Link Posted: 12/4/2001 8:33:28 AM EST
Originally Posted By SkaerE: ok, this is the one im lookin at now gonna go check it out tonight 1975 CJ5 new body (a few years ago) some surface rust 33'' tires 3 speed manual 304 AMC V8 has problems getting fuel from the tank to the carb but if you put fuel in the carb it runs fine (maybe clogged lines? rusted tank?) thats all i know so far
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Sounds like a clogged fuel filter or more likely a bum fuel pump.
Link Posted: 12/4/2001 8:35:05 AM EST
[Last Edit: 12/4/2001 8:31:48 AM EST by SkaerE]
one more question any experience with the 304 V8?? good/bad etc im gonna go look at it tomarrow, he wants $750 for it said he put a new body on it a few years ago... just read one of your posts, the roll cage is bolted to the body? seems like not nearly as strong as it could be... thanks again
Link Posted: 12/4/2001 8:40:49 AM EST
Originally Posted By fatty: now, Jeep calls them "sport-bars" after the roll-over lawsuits of the late 1970's......
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Just a note, most of the stories about Jeep CJs rolling over easily are bunk. When 60 Minutes did their notorious "expose" showing CJs to be rollover prone deathtraps, it took them something like 260 tries to get the Jeep to roll, and even then only after they modified it to get the results they wanted. Kind of like NBC saying that 73-87 Chevrolet and GMC pickups were rolling fireballs after they got one to explode by putting rocket igniters in the fuel tank.
Link Posted: 12/4/2001 8:46:15 AM EST
Originally Posted By SkaerE: one more question any experience with the 304 V8?? good/bad etc
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The AMC V-8s were good, reliable performers. Decent low RPM, high torque motors. Just what you need for offroading. The only real drawback to them, in my opinion, is that the aftermarket doesn't support them the same way as, say, the small block Chevy. There aren't as many performance pieces available and even OEM parts like exhaust manifolds, accessory brackets, etc can be expensive and difficult to find if you need them. Still, I wouldn't hesitate to run an AMC V-8.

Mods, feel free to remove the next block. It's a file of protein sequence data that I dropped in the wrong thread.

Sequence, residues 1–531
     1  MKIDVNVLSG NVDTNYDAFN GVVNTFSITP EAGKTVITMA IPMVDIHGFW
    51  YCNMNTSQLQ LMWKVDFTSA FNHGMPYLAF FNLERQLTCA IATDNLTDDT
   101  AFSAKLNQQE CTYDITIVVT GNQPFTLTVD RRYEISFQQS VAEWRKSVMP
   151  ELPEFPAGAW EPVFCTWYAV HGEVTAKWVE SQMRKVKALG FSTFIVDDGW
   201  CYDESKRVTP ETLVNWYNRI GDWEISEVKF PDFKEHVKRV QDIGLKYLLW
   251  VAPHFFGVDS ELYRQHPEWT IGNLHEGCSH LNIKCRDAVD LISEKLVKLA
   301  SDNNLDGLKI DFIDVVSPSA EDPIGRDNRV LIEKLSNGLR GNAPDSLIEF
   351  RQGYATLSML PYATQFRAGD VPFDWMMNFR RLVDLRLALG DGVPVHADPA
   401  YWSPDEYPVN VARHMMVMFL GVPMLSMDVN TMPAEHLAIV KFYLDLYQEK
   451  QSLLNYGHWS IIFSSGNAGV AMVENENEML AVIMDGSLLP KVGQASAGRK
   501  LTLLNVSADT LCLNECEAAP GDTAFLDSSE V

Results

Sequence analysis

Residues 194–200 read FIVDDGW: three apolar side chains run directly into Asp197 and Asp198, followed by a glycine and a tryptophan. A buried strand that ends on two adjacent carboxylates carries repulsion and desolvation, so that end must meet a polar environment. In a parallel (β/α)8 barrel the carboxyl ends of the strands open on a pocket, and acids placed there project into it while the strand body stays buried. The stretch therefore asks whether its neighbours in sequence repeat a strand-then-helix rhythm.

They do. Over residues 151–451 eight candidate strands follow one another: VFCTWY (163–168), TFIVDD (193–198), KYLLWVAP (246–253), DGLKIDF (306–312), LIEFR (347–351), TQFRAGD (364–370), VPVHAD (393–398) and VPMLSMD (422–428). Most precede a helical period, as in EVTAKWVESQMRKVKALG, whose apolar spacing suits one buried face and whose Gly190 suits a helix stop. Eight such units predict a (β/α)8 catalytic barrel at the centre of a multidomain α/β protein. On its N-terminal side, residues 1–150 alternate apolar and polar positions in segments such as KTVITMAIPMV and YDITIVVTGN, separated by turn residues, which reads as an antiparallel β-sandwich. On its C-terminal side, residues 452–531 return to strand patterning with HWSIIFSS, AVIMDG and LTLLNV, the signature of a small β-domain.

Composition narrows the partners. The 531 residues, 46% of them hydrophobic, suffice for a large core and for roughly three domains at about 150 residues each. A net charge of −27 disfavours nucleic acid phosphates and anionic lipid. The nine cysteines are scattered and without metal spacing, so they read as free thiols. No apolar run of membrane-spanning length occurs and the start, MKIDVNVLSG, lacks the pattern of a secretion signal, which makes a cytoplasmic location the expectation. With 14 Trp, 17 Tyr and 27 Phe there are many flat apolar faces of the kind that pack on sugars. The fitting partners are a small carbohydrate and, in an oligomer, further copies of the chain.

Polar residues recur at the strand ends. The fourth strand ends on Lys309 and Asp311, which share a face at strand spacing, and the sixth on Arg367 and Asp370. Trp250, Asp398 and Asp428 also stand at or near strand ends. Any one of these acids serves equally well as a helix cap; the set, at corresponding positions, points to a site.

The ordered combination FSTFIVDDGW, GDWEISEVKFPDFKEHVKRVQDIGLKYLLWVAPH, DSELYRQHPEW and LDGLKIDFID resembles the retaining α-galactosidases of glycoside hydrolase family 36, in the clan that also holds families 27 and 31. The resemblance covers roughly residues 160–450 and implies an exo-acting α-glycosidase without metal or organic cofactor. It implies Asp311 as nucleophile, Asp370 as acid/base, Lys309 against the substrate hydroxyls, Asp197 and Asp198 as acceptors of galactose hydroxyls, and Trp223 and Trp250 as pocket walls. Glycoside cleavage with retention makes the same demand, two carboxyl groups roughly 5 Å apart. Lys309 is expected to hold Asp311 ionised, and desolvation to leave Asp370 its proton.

Link Posted: 12/4/2001 8:46:28 AM EST
304 is a great motor when they are running. As pointed out they are all old by now and they cost a fortune to rebuild. Best solution to motor issue is to install Chevy power. Advance Adapters can make this a snap. M.O.R.E also makes a great set of motor conversion mounts. Again as pointed out earlier a CJ is a labour of love. If you want the most vehicle for the least hassle, get a Wrangler with fuel injection. The Wrangler frame is way stouter than a CJ and the fuel injection makes altitude and angles a non issue. Sure Wranglers have their issues: rear axle and early 5-speeds were weak, but all Jeeps need lots of $$$$ to be great off-roaders. I have so much money into my CJ I can't even think about it. But it goes everywhere and runs all the time. But it took custom Dana 44s, Ford tranny and Chevy fuel-injected power to make it all happen. If you are going to be a CJ owner, be honest with yourself about your mechanical ability, how much real wheelin' you want to do and your love of turning wrenches. Otherwise buy a fuel-injected Wrangler throw a 4" suspension lift on it ($500), get some 33's and go nuts. Of course, you'll probably want gears after you get the tires ($750 or so installed) And as long as you're getting gears you should get lockers ($500 or so a side) and then you'll need....... And that's how people go straight to heck with Jeeps...
Link Posted: 12/4/2001 8:56:40 AM EST
SkaerE, $750.00 isn't too bad, if its a relatively new body, you gotta ask yourself what he did to rust it out already... and yeah, the roll bar mounts don't seem strong, but believe me, they are! they happen to be mounted just above the frame (on a re-enforced plate), so if a strong downward force were to crush the roll bar, the frame would stop it's downward push after 1/2" of movement. Boomer, yeah, gotta love the media! they didn't stop me from owning 4 Jeeps!!! never came close to actually rolling, and i've tried!
Link Posted: 12/4/2001 3:37:50 PM EST